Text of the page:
National Food Strategy #10: The space between farm gate and food outlet

I’ve posted a series of images on our instagram account about the food supply chain between farm gate and food outlet, including the one of the port of Dover above. Such images are difficult to find. 

Yet arguably most of the activity, and nearly all of the financial value in the food supply system lie between the farm gate and the food outlet.

What happens in this space? Where’s the data, info, stories and images about it?

There’s not much around. Take images, as an example. You can find zillions of images on-line about farms and farming, though few of the industrial-scale processes necessary to feed the the millions within the UK, let along the 7.6 billion and rising in the rest of the world. Similarly there are images a-plenty showing food that’s plated up, the genre known for good reason as ‘food porn’.

In our view, we need to focus far more on what goes on between farm gate (wherever it may be, whatever grown there) and the food outlet (from top restaurant to school dinner, from supermarket shelf to corner shop).

It’s a complex adaptive system. Thus it’s largely opaque, not open to introspection. So we need think differently about it.


For the moment, however, let’s just turn to what we appear to understand much better, even know intimately; i.e. what happens on a farm, and what happens at t’other end of the supply chain, the consumer.

And ask ourselves what we mean when we say there is a “disconnect” between people and ‘knowing where their food comes from‘? (And it often is ‘their’, not ‘our’).

Neither you nor I know where our food comes from. No-one does.

When we ask ourselves the question about the ‘disconnect’ between people and knowing where their food comes from, what’s in our heads?

If the images and stories are anything to go by, it’s some small-scale bucolic simplicity, something like this Ladybird book On the Farm or a lego andorplaymobil set. Or, perhaps, the brilliantly enjoyable time you can spend at the  Children’s Farm at Ash End at Middleton, near Tamworth.*

Occasionally we might think of the kind of back-breaking drudgery and semi-starvation depicted in Millet’s The Gleaners.  Or the relief of that 19th century drudgery through the technology, perhaps today’s huge combine harvesters. Or the machine that picks, sorts, washes and packs spuds (this 3″ video of a Scottish potato harvest picks and sorts but doesn’t pack, unlike some combine harvesters). Or the 80K migrant workers to harvest 9M tonnes of fresh produce every year — from berries to asparagus.

But even these notions don’t appear part of the narrative in the population as a whole.

In fact, neither you nor I, nor the farmer or processor or importer or tester or food chemist or environmental health officer or agri-food insurers or commodity trader knows where the food on their plate comes from **

Similarly, none of us knows the background activity that brought the cotton T-shirt I specifically chose on-line and am wearing now. Or the antibiotic that sorted out my auntie’s bronchitis. Or the infrastructure that brings you a text message on your mobile, the lights in your home or the water from your tap (carefully kept away from your body’s food and drink consumption ‘waste’ products that you flush down the loo without a second thought).

The food network is — as those that give us T-shirts, antibiotics, mobile phone SMS, energy, water, sewage treatment —  a complex adaptive system.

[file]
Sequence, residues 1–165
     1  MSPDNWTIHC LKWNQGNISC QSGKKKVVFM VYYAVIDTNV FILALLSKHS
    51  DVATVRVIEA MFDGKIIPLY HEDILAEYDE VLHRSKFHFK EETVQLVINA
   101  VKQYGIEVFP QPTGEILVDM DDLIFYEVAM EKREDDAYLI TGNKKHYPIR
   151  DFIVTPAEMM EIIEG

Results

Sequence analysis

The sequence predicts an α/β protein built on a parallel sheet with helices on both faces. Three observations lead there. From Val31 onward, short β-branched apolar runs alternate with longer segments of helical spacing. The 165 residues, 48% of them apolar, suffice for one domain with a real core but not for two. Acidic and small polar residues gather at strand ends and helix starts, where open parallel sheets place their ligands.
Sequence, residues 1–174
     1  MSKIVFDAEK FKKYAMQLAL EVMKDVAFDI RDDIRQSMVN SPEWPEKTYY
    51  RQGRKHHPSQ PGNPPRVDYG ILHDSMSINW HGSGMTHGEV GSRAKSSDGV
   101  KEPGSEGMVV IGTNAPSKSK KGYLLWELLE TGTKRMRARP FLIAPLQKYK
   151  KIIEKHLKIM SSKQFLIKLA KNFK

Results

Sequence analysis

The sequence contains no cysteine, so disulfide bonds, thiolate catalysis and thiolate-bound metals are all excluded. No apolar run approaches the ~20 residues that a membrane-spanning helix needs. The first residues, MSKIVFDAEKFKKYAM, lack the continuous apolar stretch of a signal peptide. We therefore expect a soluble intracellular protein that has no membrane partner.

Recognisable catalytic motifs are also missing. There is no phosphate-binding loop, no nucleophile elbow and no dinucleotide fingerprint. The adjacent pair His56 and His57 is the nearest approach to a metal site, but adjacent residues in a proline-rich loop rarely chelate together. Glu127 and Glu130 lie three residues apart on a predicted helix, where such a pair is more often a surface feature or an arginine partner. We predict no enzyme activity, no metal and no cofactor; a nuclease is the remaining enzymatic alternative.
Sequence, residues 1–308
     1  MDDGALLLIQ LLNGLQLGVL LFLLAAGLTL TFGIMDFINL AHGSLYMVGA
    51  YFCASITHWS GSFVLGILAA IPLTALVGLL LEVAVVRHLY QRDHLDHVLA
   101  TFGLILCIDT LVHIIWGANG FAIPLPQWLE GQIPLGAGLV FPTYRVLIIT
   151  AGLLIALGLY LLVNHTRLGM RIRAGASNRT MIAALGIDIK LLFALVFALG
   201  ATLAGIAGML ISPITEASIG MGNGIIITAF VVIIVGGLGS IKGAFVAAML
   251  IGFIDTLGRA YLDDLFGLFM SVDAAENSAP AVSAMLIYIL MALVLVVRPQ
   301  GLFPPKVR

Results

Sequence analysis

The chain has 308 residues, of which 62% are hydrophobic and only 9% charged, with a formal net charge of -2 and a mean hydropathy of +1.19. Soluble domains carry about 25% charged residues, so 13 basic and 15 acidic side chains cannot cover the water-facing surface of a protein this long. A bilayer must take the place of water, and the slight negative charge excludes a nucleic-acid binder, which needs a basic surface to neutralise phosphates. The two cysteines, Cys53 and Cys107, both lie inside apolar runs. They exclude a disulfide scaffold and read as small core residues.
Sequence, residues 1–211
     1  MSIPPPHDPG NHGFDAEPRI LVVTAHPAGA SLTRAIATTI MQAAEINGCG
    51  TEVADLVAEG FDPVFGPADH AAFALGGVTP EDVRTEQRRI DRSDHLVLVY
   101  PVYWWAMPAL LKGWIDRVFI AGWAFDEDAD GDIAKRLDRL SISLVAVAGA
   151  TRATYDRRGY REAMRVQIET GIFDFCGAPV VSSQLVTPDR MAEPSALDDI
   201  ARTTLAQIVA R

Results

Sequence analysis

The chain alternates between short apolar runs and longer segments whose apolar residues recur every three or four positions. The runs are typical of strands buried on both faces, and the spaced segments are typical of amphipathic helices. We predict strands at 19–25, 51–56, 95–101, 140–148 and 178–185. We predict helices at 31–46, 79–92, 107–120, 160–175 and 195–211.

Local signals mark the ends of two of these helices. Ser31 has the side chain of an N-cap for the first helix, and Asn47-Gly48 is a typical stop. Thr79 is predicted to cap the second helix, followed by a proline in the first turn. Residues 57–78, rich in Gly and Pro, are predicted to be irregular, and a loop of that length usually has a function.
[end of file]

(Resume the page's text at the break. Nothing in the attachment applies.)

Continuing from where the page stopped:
As I said earlier, it’s largely opaque. Not open to introspection.

The more we ‘see’ it, however, the better, whether through maps (e.g. the simplified map in a previous blogpost), images (e.g. those on our instagram account), or the stories we tell each other.

Only then can we have a robust national food strategy, the backdrop against which our socio-political leaders can make better decisions about the food network and how, as a population, we can cope with the inevitable surprises (the risks we can’t imagine now) and challenges (the risks we’ve already identified (e.g. here, here and here) happen.


*There’s an interesting back story about Ash End Farm. A infant teacher, Peggy Webb, worked at Prince Albert Primary School in Witton in the 1970s. She lived in Middleton, next door to the farm which, in those days, was a mixed farm only. One day, she asked her neighbour if she could bring some city-dweller kids from Prince Albert to see what went on there. And the rest, as they say, is history.

** Sure, there are a tiny, tiny minority people who grow their own fruit and veg in a garden or allotment and harvest some of the food they eat — and they know exactly where it all came from, and the hard work required to get it.  And it’s not to say, either, the educative value of veg patches in schools, community gardens and the like. On these matters, see this blogpost.


Previous blogposts in this National Food Strategy series are:

#9: Three scenarios and their risks to the supply chain

#8: Supply chain permutations are endless

#7: A simplified fresh produce supply chain map

#6: UK resilience to global risks to food supplies

#5: Global risks to UK food supplies

#4: The irreconcilables

#3:  The global competition for safe, nutritious food

#2: Responsibility, resilience and ethics

#1: The brief

A link to our submission is here.    A list of all the blogposts in this series is here.


note: After we’d make our submission to the National Food Strategy, I wrote the following blogpost about the language of networks, and how it can help us better denote and understanding the opacity of complex adaptive systems, such as the food supply system.

It’s this: The language of small worlds: Useful words for entities we can ‘see’.

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